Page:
When We Meet Fog

The weather gave me more understanding of my morning Bible reading from Mark, chapter 8. In verses 1-10 Jesus fed the four thousand with seven small loaves of bread and a few fish. Leftovers could feed another crowd. Slightly later when Jesus and the disciples got into a boat to cross to the other side of the Sea of Galilee, the men discussed their forgetfulness in bringing food with them. Probably most of us would have called them stupid at that point unless we were also complaining about not having any bread.

Possibly an hour or two beforehand Jesus had multiplied a meager amount of food so that it feed a throng of people. Why didn’t the disciples remember that and consider that He would also multiply their one loaf? What made them so thick-headed?

Further down the chapter in verses 27-30 Jesus asked the disciples to tell Him who people said that He is. Peter confessed that Jesus is the Christ, the longed-for Jewish Messiah. But when Jesus tells his men that He will be put to death and rise again, Peter once more speaks up and said No, that can’t happen. However, Jesus reprimanded Peter telling him that thought wasn’t from God.

Not long afterward I sat at our breakfast table eating and looking at the fog making the home across the street slightly blurry from our window. Only when I drove to church with about one-half mile visibility did I realize that the disciples saw Jesus through fog. Their minds weren’t yet understanding that Messiah could do anything, even though they’d seen miracles of healing as well as the feedings. In the same way, when Peter proclaimed that Jesus is the Christ, his mind couldn’t grasp the fact that He had to die.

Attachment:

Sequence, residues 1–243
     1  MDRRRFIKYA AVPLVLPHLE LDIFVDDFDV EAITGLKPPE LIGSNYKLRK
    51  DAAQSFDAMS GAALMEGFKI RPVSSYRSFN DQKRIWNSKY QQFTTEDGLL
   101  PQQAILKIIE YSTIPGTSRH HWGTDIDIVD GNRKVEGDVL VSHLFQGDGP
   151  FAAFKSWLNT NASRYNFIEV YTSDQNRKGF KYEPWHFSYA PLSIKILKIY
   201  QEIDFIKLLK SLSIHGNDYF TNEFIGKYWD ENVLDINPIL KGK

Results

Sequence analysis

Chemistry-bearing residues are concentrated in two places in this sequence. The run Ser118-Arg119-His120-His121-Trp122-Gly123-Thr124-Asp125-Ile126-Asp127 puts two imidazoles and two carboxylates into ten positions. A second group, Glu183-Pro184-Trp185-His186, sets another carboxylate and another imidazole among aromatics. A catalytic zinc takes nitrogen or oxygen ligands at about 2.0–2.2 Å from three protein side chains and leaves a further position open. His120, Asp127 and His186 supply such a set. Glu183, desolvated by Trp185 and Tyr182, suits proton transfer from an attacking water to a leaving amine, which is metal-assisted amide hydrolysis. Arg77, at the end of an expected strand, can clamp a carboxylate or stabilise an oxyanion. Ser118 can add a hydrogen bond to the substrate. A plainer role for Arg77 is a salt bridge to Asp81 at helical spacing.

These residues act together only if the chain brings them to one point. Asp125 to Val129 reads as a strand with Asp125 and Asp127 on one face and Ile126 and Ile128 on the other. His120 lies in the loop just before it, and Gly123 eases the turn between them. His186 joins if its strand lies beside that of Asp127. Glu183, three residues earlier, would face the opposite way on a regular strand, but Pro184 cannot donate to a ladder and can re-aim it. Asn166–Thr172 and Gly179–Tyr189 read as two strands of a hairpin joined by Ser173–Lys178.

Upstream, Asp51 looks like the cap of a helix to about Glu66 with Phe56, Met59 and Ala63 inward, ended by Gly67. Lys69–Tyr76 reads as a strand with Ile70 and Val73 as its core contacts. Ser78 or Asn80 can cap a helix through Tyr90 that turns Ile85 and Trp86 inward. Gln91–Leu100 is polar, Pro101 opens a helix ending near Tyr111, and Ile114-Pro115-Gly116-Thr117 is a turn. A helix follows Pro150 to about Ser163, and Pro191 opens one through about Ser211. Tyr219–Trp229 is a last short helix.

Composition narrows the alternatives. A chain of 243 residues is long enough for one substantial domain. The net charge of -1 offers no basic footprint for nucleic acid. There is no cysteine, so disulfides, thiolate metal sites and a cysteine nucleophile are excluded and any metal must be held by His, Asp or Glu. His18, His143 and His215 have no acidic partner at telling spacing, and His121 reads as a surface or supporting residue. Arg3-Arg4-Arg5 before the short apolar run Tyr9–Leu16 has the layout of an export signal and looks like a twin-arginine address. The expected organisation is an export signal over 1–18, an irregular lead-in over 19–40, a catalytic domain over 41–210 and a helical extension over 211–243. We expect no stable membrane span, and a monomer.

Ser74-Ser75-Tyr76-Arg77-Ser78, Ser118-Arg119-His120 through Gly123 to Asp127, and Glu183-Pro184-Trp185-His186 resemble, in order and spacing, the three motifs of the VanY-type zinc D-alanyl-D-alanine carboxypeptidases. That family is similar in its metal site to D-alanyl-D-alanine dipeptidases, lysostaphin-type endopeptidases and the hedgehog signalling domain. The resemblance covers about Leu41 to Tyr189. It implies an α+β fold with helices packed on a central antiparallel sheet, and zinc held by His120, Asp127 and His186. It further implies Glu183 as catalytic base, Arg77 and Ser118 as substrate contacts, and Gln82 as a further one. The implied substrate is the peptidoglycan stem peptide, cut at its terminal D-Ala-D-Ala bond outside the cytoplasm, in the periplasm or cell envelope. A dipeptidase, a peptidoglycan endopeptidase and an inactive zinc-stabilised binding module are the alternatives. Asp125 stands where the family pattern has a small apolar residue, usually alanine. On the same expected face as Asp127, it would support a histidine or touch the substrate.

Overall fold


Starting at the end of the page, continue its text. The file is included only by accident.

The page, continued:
Driving down the state highway to my church this morning I drove in the inside lane to be sure I didn’t come suddenly upon some of the bikers who use the early-morning emptiness of the road as practice lanes. I didn’t want the fog to obscure my vision. In daily life, however, we often run into spiritual fog, just as the first disciples did.

Isaiah 55:9 states that God’s ways and thoughts are tremendously higher than ours, just as the heavens are far higher above the earth. In other words, often we can’t understand our loving Father’s actions or even the way He’s thinking about us because they’re so profound. The spiritual fog keeps us from seeing and understanding our circumstances from His viewpoint.

The next time something in my life doesn’t go the way I think it should, I’ll remember that my Father loves me so very much that He sent His only Son to die for me so I can become His child. God has promised never to leave me or to forsake me, so therefore I can trust His love even when I can’t understand the reasons behind it. I’ll remember that from time to time I meet spiritual fog.

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